The Morning Call
The Averages (26949, 2991) were mixed (Dow up, S&P down) on lower volume (again). But breadth improved and the VIX was down 2 5/8% (a plus for stocks). Long term, my assumption is that prices go higher. Shorter term, the September 4th gap up open needs to be filled.
GLD was strong (up ½%). The dollar advanced (1/8%). The long bond was off three cents. These indicators are again pointing at the need for safety.
The dollar shortage eased but has not gone away.
Monday in the charts.
Yesterday’s economic numbers were upbeat: the August Chicago national activity index, the September manufacturing and composite PMI’s were better than expected while the September services PMI was worse.
David Rosenberg isn’t.
Overseas the September German flash manufacturing, services and composite PMI’s were below estimates as were the September EU manufacturing, services and composite PMI’s. South Korean exports experienced their largest drop in a decade.
Bottom line: I noted in last weekend’s Closing Bell, that economy has been moving in fits and starts for the last five or six years. While yesterday’s strong stats on top of last week’s very positive data suggests that we are in one of those upbeat stretches, it is far too soon to be talking about a period of sustained growth. Especially with the international data continuing to weaken, a serious trade tiff between Japan and South Korea and mediocre odds of anything hugely promising to come out of the US/China trade dispute.
***overnight, China grants new tariff waivers on soybean purchases.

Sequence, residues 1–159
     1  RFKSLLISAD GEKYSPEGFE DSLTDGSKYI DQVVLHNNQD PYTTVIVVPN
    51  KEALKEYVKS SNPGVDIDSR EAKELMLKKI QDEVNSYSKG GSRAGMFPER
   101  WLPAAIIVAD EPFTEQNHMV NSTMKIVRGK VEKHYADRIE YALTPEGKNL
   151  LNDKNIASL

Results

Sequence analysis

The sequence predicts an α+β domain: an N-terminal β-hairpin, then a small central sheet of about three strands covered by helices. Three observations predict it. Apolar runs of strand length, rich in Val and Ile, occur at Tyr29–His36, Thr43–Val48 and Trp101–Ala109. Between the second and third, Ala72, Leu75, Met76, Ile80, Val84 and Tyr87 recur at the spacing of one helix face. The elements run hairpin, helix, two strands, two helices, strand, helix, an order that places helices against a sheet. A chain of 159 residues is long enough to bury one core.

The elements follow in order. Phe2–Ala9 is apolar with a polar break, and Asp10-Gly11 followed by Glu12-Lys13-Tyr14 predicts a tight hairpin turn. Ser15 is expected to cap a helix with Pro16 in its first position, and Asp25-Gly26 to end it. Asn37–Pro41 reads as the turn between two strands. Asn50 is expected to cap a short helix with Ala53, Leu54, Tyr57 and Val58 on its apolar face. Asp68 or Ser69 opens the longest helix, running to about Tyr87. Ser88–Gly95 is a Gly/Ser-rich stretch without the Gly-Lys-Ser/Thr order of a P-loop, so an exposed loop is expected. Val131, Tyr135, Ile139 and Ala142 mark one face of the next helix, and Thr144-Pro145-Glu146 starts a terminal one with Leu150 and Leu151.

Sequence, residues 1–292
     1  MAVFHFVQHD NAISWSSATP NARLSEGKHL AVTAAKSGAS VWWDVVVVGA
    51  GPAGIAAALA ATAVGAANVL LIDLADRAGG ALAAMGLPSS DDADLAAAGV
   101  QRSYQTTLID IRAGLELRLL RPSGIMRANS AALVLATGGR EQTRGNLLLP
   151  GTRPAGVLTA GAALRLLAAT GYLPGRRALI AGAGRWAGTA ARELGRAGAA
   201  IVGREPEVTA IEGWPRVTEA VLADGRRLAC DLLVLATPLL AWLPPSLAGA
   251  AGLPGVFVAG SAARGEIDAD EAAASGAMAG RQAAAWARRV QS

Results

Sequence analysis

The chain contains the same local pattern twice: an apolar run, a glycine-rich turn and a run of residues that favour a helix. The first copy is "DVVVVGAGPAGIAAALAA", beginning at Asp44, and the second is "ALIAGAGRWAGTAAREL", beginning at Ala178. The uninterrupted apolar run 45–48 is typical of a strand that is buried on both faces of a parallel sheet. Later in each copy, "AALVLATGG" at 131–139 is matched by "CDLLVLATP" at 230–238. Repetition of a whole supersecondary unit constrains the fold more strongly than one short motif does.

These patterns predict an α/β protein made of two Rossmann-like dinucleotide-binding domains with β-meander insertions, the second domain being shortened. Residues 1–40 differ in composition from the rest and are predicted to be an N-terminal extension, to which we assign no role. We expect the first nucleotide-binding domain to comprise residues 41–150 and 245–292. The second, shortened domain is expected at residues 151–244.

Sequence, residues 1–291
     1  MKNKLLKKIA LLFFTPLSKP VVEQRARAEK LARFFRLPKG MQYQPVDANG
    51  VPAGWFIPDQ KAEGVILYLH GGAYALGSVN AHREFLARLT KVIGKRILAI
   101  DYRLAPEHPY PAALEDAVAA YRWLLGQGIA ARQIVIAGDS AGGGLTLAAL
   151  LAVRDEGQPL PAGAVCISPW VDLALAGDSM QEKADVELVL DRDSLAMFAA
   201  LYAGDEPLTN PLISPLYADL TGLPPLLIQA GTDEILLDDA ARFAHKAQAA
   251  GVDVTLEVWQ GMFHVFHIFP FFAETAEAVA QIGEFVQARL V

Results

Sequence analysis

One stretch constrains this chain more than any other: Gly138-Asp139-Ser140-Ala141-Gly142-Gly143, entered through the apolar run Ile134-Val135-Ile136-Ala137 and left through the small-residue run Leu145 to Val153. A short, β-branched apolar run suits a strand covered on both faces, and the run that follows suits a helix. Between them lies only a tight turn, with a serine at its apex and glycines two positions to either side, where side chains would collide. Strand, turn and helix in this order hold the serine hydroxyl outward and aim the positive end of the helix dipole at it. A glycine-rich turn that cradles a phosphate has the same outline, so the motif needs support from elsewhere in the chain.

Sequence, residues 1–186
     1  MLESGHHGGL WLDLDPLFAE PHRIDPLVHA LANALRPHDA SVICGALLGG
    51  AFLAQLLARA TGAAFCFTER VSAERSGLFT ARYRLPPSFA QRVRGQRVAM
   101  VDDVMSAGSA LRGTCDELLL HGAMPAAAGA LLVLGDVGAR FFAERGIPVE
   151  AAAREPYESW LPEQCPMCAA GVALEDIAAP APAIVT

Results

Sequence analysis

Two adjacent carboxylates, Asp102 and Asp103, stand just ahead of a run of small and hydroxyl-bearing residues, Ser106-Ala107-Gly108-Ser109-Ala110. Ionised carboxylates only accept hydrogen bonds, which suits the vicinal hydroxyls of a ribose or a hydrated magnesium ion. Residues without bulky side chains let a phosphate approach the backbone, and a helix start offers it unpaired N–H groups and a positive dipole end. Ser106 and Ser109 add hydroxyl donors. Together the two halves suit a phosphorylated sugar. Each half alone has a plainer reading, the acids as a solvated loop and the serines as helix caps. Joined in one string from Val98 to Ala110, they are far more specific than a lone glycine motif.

Odds of a trade deal.
With equity prices near all-time highs, it is a time to be very conservative in approaching your assets. I believe taking some profits in big winners will prove a rewarding strategy.
The disconnect between the economy and the Market (must read).
News on Stocks in Our Portfolios
Hormel Foods (NYSE:HRL) declares 0.21/share quarterly dividend, in line with previous.
This Week’s Data
The September manufacturing PMI came in at 51.0 versus estimates of 50.3; the services PMI was 50.9 versus 51.3; the composite PMI was 51.0 versus 49.6.
July Japanese leading economic indicators came in at 93.7 versus forecasts of 93.6; the September manufacturing PMI was 48.9 versus 49.0; the services PMI was 52.8 versus 52.7; the composite PMI was 51.5 versus 51.1.
Negative interest rates are a huge burden.
What I am reading today
Evidence Iran violated nuclear deal from day one.
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Analyst's Disclosure: I am/we are long HRL.
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